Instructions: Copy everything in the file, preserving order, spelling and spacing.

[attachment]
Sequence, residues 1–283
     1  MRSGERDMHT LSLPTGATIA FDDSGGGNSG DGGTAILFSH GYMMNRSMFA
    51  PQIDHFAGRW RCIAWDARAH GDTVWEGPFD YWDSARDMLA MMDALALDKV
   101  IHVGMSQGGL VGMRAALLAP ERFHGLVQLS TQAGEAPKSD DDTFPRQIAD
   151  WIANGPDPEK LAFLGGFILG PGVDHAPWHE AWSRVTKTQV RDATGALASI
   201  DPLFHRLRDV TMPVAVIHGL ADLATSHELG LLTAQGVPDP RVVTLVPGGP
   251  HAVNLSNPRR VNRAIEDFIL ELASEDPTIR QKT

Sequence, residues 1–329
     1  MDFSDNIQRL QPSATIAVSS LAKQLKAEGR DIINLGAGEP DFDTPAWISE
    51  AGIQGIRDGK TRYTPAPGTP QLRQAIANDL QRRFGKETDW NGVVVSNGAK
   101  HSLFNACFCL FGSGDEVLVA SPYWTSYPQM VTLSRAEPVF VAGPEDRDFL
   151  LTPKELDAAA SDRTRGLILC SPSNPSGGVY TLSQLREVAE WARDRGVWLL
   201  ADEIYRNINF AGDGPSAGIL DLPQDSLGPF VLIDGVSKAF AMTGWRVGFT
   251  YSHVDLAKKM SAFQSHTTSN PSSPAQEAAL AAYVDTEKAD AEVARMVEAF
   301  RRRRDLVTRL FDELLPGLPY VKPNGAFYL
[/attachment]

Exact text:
Sequence, residues 1–283
     1  MRSGERDMHT LSLPTGATIA FDDSGGGNSG DGGTAILFSH GYMMNRSMFA
    51  PQIDHFAGRW RCIAWDARAH GDTVWEGPFD YWDSARDMLA MMDALALDKV
   101  IHVGMSQGGL VGMRAALLAP ERFHGLVQLS TQAGEAPKSD DDTFPRQIAD
   151  WIANGPDPEK LAFLGGFILG PGVDHAPWHE AWSRVTKTQV RDATGALASI
   201  DPLFHRLRDV TMPVAVIHGL ADLATSHELG LLTAQGVPDP RVVTLVPGGP
   251  HAVNLSNPRR VNRAIEDFIL ELASEDPTIR QKT

Sequence, residues 1–329
     1  MDFSDNIQRL QPSATIAVSS LAKQLKAEGR DIINLGAGEP DFDTPAWISE
    51  AGIQGIRDGK TRYTPAPGTP QLRQAIANDL QRRFGKETDW NGVVVSNGAK
   101  HSLFNACFCL FGSGDEVLVA SPYWTSYPQM VTLSRAEPVF VAGPEDRDFL
   151  LTPKELDAAA SDRTRGLILC SPSNPSGGVY TLSQLREVAE WARDRGVWLL
   201  ADEIYRNINF AGDGPSAGIL DLPQDSLGPF VLIDGVSKAF AMTGWRVGFT
   251  YSHVDLAKKM SAFQSHTTSN PSSPAQEAAL AAYVDTEKAD AEVARMVEAF
   301  RRRRDLVTRL FDELLPGLPY VKPNGAFYL